The specialty of Koi is bubble tea. Bubble Tea comes in a variety of flavors but always has a layer of tapioca beads at the bottom. The tapioca beads are sweet and chewy and go right up the straw as you sip the drink. Koi’s edible beads are just the right consistency, size, and sweetness; they are a level above other comparable shops that offer bubble tea.
The two most common bubble teas are a milk tea version and a straight green tea rendition. However, if your taste buds run to more exotic or fruity varieties, there are an endless list of flavor and tea combinations. Oh, and at Koi they ask for your preferred sugar content, either %100, %70, %50, %30 or %0 (… though I’m not sure what the % actually refers to…).
Our first two attempts included the classic bubble milk tea and a Plum Green Tea flavored bubble tea. We probably won’t get the bubble milk tea. But the Plum flavor was worth purchasing another time. Andrew has also gotten a strawberry flavor from a different shop that he likes.
Indian Style: name unknown
Okay, so this drink had a name, but we don’t know and haven’t figured out yet what it was. We’ll report back.
When the cable guy came to install our cable/internet he asked if our landlords or previous tenants were Indian. Why would he ask such a thing? Well, the color of our apartment! (See our old living room color, here.)
Unbeknownst to him, the fuchsia in our apartment reminded us of Pepto Bismal. However, he insisted that it was the exact shade of a very popular Indian drink. He described it as being part tea, part milk, and part rose flavored, and well, you guessed it, the color of our walls. We are fairly certain that this drink that we stumbled upon was the drink to which our cable guy referred.
Carbonated milky rose tea. That is about the right description of this Hot Pink Indian Drink (no idea of the real name). Unfortunately, just as we won’t be reverting back to hot pink in our apartment, we probably will not go back to drinking this hot pink beverage again.
You can find your American coke or sprite… but the fruity flavors prevail as the more preferred types here in Singapore. (This is good for me as I do not like brown sodas such as coke, pepsi, or root beer.) We have bought sparkling apple soda, green apple, strawberry, grape, orange, and maybe some others. You can buy soursop and other interesting fruit juices in a soda can, but really they are uncarbonated. One of our favorite sodas is actually a combination of Soursop Juice and 7-up or Sprite. We also like combining sprite with other juices, like Lime Juice.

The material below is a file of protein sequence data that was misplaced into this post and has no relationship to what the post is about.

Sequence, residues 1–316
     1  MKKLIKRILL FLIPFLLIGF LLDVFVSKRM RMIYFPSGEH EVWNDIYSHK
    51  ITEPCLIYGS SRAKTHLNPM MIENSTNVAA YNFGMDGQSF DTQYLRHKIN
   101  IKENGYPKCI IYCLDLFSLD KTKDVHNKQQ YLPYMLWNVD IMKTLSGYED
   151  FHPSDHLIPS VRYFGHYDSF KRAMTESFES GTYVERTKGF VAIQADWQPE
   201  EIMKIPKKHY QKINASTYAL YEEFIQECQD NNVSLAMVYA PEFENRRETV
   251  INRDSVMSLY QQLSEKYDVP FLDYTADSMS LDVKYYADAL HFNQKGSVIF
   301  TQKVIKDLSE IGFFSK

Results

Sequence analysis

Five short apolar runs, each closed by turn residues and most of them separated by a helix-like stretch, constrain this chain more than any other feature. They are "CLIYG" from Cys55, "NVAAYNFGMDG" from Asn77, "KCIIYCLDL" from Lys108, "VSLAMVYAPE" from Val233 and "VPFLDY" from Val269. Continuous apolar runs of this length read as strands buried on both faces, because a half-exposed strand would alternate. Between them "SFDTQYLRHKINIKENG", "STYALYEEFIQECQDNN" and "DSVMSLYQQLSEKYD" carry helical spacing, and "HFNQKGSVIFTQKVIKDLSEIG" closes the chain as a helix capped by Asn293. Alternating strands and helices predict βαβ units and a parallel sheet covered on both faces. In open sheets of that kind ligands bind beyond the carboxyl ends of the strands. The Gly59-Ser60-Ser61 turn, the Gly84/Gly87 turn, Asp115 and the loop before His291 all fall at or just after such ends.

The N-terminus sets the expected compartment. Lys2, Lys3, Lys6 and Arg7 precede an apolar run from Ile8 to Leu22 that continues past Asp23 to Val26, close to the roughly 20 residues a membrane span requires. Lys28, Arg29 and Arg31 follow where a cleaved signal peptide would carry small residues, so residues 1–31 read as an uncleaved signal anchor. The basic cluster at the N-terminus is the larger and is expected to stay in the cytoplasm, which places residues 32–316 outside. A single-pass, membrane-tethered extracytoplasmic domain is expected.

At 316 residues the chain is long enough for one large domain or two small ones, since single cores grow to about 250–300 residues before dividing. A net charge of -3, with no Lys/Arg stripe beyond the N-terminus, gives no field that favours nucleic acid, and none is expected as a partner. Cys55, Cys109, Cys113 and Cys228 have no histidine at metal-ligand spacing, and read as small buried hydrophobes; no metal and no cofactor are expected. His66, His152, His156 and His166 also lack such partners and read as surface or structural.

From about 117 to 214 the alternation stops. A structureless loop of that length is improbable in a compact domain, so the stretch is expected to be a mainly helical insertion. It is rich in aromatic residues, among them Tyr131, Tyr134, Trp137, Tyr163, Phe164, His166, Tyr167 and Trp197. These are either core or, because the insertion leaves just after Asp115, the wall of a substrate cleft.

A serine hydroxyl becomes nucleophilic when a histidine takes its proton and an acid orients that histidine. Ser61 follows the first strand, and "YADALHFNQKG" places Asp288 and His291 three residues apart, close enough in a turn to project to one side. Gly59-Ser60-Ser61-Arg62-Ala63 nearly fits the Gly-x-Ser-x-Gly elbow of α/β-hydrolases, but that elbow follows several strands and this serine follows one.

Another interesting note: When you go out to eat at the hawker stall centers or at a food court you must go to a separate stall to purchase your drink. Unless you’re going to a fancier sit down restaurant or a fast food chain, like McD’s – you do not get a set meal. But thankfully most cans of sodas are still only around a S$1 (imported drinks tend to be a little bit more, maybe $1.20).
Other drink acquaintances
Chinese Wine. Our impression: a fruity vodka with a STRONG aftertaste.
Singapore Water. Alright, this is really just normal water. But locals (Asians in general) don’t mind drinking water hot and plain. Iced water is a fairly western introduction aparently. During his last visit with our landlord, Andrew was offered the option of some water or juice. He politely accepted the offer of water. Little did he realize that it would be a glass of very warm water, straight. He made a mental note of requesting the juice next time.
Unrefrigerated Milk. Yeah. That’s right. Most milk is sold unrefrigerated as it is UHT (Ultra Heat Treated). Our logic is that this cuts down on the costs associated with importing refrigerated milk. Be that as it may, it still is a little hard to get used to. You can buy milk that is sold in the refrigerated section – it’s just more expensive. One of my friends here in Singapore, also from the States, remarked with a voice of surprise, “You drink the unrefrigerated stuff!?” I assured her that neither of us drink much milk. We primarily use the milk for cooking. In addition, we refrigerate the milk once we bring it home anyways.
Avocado Smoothie. We didn’t remember to take a picture. This drink was a thick, sweet, green, um… avocado smoothie! On the interesting side of things we’ve tried. Not our favorite, but nor is it something we would write off as never trying again.
Whether they are bizarre or scrumptious, due to the hot tropical weather, we’ll won’t stop partaking of the drinks Singapore has to offer 🙂